Zev Shandalov

Kitniyot Klarification

Yes, once again, it is that time of year again wherein the battle lines are drawn on the subject of Kitnyot. For the uninitiated, a short explanation is in order.

While eating chametz (leavened items) on Pesach is strictly prohibited by Torah law, the Rabbinic authorities in some communities over the past many centuries forbade the use of legumes (Kitniyot), such as beans, rice, corn, etc. for various reasons. In very general terms, these restrictions were NOT adopted by Sefardic communities and mainly affected Ashkenazic Jewry. (Yes, there are many “shades” to this description, but, as I said, this is speaking in fairly broad strokes.)

While in the USA, the debate among Ashkenazim does not seem to be that strong in trying to over-turn this particular custom, in Israel the “battle” rages on. In Israel, there is a very large Sefardic community and in tens of thousands of households there are married couples of Sefardic and Ashkenazic origins. This has led to a large push in many circles to attempt to change the rules of Kitnyot and (in the words of one Facebook site) “liberate” Ashkenazim from the yoke of Kitniyot.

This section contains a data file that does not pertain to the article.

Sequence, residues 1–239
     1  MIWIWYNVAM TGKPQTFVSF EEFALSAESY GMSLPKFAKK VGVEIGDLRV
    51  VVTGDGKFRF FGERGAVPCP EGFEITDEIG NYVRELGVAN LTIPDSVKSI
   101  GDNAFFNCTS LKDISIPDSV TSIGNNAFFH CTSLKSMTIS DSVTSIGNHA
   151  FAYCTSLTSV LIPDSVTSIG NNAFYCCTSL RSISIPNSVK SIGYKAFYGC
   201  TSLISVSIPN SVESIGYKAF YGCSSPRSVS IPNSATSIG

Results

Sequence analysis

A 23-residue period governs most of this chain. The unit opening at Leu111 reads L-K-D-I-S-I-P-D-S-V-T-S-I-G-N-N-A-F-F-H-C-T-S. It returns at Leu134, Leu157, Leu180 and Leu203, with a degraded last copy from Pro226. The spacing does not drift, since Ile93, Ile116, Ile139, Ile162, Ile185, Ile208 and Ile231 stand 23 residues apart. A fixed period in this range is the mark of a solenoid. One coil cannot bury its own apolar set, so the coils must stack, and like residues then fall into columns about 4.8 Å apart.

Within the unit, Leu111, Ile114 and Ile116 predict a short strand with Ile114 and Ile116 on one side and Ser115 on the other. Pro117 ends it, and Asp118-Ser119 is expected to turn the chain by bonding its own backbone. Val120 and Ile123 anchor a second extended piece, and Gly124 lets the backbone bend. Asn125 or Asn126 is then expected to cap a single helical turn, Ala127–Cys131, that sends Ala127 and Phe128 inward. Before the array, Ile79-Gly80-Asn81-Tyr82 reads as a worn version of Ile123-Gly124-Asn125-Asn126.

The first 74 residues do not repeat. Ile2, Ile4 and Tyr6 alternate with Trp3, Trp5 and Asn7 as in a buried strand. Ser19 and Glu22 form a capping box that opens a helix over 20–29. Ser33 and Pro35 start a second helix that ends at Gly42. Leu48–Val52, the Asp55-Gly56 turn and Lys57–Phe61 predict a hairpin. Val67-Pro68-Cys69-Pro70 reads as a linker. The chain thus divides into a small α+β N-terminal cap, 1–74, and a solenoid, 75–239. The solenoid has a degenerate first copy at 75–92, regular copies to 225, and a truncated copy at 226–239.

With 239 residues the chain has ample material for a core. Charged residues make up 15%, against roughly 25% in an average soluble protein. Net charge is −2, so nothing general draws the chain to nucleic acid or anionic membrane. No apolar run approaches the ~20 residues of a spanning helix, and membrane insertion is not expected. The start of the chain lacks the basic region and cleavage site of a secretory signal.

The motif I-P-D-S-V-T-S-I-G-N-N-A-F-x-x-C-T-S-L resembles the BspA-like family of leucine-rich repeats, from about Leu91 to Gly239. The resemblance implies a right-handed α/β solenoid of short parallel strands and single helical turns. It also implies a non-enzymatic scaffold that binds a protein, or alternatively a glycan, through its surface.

While the debate continues, I wish to share here my discussion with a Torah giant, HaRav Nachum Rabinovitch, shilt”a, Rosh HaYeshiva of Birkat Moshe in Maale Adumim. A number of years ago, I asked him to discuss with me the topic of Kitniyot. While he is not in favor of stopping this custom, he did make some VERY interesting points regarding the use of items that are marked לאוכלי קטניות בלבד (“Only to be eaten by those who consume Kitniyot”). This is what I was told and, with his permission, I have shared this every year since:

An item marked לאוכלי קטניות בלבד that is made prior to Pesach and the Kitniyot in the product is LESS than 50% of the mixture and the Kitniyot is not recognizable, then Ashkenazim MAY in fact eat these items. That means, if you pick up a cup of yogurt so marked, that yogurt, assuming it contains less than 50% Kitniyot and falls into all the above-mentioned criteria, may be eaten by an Ashkenazi on Pesach. He is also of the opinion that Canola Oil (לפתית) is NOT considered Kitniyot and MAY be used on Pesach by all.

Please feel free to share this post with others. Please do NOT use this post to debate the pros and cons of Kitniyot. There exist many forums in which that can be done.

About the Author
After living in Chicago for 50 years, the last 10 of which Zev Shandalov served as a shul Rav and teacher in local Orthodox schools, his family made Aliya to Maale Adumim in July 2009. Shandalov currently works as a teacher, mostly interacting with individual students.
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